If Jeremy spends, say, half an hour a day twittering and his time is valued at £40 per hour... And he gets one new client every month from this Twitter activity, then how much does it cost to acquire one new client (via Twitter).

Answer: He has spent 2½ hours per week twittering; he gets one new client every four weeks. It costs Jeremy £400 in time to win one new client (excluding any other costs).

Jeremy should then compare this cost of customer acquisition against all other means.

The reality is that it is harder to measure the effectiveness than in our crude example.

However, the principle stands. Before you go mad on Twitter ask yourself the following:
• Who is your target customer?
• What is the best way to reach them?
• How much time and money on average would it cost to acquire one new customer?
• What is the most effective way of reaching these people?
• Is it word-of-mouth, networking, exhibition stands, direct mail, PR, telesales or any of the other ‘channels to market’?

Yes, Twitter is today’s new marketing device but does it actually work?

Lots of people do it and they believe it is doing them good.
FACT: Some people seem to actually be benefiting in terms of ROI.

Is it right for you? Will it help you grow your business?

If someone can show you why you should be doing it then you should sign up. Do you hear clients or prospects asking you to get a Twitter account ASAP (or rather only a few Twitter fans)?

Question: Do the Twitter conversations strengthen a relationship any more than a decent blog/website or actually talking to people?

Maybe I am old fashioned but I do not wish to confuse activity with business.

A focused Twitter account may be good for regular updates in products/services with more than one field, for example in training. Twitter could then be used to communicate updates if that’s what your target audience wants (or you could just use email!).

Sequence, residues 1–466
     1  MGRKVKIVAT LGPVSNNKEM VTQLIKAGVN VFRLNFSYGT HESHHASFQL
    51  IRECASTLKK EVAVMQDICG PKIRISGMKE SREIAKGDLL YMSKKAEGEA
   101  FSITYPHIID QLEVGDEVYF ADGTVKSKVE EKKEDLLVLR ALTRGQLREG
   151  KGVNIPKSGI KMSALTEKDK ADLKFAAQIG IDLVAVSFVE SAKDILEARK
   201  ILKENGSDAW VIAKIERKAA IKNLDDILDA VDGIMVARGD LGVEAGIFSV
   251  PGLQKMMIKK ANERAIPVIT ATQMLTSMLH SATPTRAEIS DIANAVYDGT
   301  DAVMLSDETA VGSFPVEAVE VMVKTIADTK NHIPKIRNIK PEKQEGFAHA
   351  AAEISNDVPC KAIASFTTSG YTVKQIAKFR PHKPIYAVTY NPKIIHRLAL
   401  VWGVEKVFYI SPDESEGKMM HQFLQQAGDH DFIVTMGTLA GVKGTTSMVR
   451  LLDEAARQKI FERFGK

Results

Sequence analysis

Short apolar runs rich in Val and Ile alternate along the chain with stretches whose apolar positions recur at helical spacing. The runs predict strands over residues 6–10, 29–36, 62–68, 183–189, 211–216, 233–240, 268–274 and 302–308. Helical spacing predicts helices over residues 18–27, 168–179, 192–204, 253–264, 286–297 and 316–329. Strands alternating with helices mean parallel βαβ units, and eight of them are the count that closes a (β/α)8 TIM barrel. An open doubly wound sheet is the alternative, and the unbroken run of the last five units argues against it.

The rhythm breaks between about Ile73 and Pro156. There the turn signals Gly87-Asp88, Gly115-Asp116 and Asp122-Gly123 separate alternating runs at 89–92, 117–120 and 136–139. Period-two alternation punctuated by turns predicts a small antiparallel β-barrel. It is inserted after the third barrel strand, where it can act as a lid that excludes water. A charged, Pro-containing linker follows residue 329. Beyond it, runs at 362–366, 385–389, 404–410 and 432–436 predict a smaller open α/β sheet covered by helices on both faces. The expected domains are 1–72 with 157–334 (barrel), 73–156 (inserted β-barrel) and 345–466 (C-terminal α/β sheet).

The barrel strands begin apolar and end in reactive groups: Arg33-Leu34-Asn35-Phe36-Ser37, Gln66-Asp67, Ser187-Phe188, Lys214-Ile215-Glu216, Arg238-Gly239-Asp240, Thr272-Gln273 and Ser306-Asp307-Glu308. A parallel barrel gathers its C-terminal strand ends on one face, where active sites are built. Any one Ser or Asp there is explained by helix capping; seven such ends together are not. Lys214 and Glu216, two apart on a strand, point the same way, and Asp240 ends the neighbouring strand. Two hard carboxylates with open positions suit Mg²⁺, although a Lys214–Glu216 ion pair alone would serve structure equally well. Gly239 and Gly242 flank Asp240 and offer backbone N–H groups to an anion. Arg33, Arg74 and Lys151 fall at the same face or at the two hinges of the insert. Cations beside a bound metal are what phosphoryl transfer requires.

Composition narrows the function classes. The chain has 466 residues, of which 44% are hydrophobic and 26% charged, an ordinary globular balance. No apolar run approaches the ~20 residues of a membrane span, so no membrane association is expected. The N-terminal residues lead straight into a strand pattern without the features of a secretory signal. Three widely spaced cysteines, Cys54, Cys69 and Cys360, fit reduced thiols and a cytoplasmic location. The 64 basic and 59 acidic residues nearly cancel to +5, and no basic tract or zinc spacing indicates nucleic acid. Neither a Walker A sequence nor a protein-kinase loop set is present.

Playing the devil’s advocate, if the medical evidence of the effectiveness of a heart op was as vague and non-specific as the business case for Twitter, then I don't think I'd sign up for it.

Twitter will help you find people to listen to and talk to. Are they the right people for you? Is Twitter just another case of the emperor’s new clothes? Twitter me at! The business sales will determine it for me.

PS You might want to guess the date of the original article...

Friday, 3 June 2011

Boiling Frogs - not just the one interpretation!

Boiling frogs - my interpretation has always been that frogs die in water that slowly heats up because they don't notice the imperceptible changes in their environment... then BANG ... they explode!
Richardson, who uses the analogy of frogs and tadpoles, provides an interesting, alternative method of classifying reasons for failure.

Boiled frog failures
These are long-established organisations that exhibit the often-observed organisational characteristics of introversion and inertia in the presence of change. This category can be illustrated by the problems faced by ICI.

Drowned frog failures
Less to do with management complacency and more to do with managerial ambition and hyperactivity. In the smaller company context, this is the failed ambitious entrepreneur; in the bigger context this is the failed conglomerate kingmaker, perhaps typified by Robert Maxwell.

Expensive show-offs who need to adorn themselves with the trappings of success. The bullfrog exists on a continuum from the ‘small firm flash’ to the ‘money messing megalomaniac’. The behaviour of bullfrogs often raises ethical issues due to a failure to separate business expenditure from personal expenditure (for example, Conrad Black).

Tadpoles never develop into frogs and represent the failed business start-up in the small business setting. Small tadpoles usually fail to become frogs because of over-optimism, a failure to make contingency plans and a lack of interest in overall success as a result of too much focus on the product.